Crisis, Resilience, and Civic Engagement: Pandemic-Era Census Completion
By Elaine K. Denny, University of California, Merced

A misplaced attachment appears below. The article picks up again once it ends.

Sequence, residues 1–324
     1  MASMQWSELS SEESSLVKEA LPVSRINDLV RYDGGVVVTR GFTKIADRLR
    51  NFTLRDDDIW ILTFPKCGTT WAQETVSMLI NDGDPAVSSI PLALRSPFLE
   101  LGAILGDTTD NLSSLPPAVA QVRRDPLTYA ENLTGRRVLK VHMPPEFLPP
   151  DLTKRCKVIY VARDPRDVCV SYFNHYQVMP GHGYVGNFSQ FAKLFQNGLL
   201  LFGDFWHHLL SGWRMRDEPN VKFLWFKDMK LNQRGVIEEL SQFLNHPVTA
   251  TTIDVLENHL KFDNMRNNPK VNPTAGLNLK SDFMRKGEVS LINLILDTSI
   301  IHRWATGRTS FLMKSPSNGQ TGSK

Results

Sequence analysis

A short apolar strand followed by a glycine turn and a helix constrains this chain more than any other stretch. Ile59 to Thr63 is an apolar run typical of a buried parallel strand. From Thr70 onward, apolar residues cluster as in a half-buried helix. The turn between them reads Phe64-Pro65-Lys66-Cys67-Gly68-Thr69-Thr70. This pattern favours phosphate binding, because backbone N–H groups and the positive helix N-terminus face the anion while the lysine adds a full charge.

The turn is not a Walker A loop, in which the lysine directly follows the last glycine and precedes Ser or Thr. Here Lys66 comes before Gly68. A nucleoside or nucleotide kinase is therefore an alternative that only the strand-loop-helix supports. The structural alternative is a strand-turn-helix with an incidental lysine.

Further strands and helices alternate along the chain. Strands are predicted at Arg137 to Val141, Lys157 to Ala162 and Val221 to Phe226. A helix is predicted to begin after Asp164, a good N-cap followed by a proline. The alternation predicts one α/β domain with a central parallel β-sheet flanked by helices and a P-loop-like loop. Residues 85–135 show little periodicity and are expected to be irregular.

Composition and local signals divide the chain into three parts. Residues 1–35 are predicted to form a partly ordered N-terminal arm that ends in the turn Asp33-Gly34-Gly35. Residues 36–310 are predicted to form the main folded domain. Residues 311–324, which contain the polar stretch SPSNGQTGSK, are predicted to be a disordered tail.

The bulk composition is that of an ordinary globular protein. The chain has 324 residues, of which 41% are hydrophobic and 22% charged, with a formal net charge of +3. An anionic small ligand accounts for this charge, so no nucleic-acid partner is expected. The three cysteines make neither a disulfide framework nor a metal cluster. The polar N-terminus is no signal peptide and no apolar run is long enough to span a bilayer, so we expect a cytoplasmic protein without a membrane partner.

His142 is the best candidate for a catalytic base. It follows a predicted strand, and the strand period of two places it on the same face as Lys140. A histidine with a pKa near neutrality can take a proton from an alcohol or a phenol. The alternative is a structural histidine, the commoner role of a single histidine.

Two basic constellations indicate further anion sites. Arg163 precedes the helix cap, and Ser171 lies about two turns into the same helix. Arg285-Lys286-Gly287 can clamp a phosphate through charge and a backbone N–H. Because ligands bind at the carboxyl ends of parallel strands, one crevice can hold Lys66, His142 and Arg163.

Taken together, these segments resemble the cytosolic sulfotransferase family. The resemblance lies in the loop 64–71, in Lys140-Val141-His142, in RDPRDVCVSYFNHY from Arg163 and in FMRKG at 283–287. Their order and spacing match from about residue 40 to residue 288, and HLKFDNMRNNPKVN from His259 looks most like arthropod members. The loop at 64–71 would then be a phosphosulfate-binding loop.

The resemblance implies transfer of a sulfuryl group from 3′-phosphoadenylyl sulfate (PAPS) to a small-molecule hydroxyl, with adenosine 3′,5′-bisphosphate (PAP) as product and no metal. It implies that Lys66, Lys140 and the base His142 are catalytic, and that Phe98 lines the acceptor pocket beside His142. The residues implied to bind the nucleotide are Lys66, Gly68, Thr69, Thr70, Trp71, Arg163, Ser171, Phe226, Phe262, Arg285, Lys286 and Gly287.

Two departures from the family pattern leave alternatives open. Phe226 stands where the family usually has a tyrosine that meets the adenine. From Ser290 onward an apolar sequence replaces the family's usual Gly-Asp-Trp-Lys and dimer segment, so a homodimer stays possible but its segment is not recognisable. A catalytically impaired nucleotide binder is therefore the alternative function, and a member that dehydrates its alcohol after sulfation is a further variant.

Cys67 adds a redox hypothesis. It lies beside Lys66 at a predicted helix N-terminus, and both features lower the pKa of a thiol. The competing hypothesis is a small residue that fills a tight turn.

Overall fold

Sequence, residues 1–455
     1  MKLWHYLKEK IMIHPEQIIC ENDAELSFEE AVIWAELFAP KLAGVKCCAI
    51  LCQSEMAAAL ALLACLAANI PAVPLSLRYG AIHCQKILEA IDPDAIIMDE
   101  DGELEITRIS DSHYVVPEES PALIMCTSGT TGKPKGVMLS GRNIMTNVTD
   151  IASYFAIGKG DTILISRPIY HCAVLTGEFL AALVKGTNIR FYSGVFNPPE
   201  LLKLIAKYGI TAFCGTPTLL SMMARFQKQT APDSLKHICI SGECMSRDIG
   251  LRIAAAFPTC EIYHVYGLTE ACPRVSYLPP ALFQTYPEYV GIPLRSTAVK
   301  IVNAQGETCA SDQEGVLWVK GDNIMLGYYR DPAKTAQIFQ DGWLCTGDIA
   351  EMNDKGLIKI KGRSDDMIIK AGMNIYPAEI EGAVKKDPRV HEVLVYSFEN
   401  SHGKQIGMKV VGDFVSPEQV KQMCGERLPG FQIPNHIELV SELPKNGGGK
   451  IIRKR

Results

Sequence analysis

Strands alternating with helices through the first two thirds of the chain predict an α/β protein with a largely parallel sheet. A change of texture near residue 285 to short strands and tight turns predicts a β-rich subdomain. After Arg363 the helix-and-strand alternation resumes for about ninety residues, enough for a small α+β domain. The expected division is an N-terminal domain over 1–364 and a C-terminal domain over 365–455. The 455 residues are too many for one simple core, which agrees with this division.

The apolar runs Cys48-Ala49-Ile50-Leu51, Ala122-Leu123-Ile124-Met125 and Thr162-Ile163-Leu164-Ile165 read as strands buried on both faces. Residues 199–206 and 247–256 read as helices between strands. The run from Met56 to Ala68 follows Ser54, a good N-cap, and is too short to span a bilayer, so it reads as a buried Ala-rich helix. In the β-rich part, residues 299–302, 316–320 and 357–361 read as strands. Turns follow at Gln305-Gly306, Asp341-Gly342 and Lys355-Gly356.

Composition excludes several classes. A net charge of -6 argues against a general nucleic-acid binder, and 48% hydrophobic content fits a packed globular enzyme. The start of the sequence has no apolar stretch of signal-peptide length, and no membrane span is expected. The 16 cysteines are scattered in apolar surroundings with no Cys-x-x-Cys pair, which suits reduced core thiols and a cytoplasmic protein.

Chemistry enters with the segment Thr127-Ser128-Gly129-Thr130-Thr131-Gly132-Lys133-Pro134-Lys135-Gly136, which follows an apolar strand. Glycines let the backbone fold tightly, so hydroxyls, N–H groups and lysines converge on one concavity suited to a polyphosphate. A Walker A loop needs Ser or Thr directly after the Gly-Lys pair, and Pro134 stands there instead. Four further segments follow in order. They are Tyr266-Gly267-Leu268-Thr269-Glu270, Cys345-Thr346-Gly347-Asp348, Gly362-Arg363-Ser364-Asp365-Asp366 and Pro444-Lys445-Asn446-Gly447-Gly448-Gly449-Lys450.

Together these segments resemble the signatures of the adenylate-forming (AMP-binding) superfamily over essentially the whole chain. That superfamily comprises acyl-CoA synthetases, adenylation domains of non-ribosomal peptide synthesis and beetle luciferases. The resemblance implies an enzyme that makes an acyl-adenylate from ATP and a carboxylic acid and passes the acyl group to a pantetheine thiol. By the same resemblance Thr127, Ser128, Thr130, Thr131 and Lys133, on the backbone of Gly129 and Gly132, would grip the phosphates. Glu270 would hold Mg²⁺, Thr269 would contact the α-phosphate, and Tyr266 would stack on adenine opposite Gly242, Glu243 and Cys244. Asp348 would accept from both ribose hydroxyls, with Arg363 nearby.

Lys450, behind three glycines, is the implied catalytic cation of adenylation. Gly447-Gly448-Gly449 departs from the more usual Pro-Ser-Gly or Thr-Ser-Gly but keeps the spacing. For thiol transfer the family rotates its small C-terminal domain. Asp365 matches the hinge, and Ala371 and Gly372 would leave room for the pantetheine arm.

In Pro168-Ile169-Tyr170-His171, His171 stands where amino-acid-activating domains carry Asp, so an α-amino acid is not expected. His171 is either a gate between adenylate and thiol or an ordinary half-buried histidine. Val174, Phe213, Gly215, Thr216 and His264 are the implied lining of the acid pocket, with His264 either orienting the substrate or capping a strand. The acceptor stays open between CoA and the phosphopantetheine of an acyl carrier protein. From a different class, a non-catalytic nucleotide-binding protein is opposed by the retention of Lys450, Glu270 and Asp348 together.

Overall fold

How do economic shocks and financial resilience shape civic engagement, especially for the economically insecure? I turn to the early months of the coronavirus pandemic for insights. In April 2020, with more than 23 million adults unemployed, the US government asked residents to participate in the constitutionally mandated decennial census. I test how variations in income shocks from the shutdown and sources of financial resilience predict disparities in census completion, a civic act designed to minimize participation barriers. First, I use nationally representative survey data to demonstrate that policies that protect the economically vulnerable from the full impacts of economic shocks also predict higher census completion rates. Then, I use Google Trends data to show that high unemployment search volume interacted with low resilience to predict depressed census completion. Findings shed light on how economic crises can widen participation gaps—with representation and resource consequences—and how policies that lessen acute economic shocks may reduce participation disparities.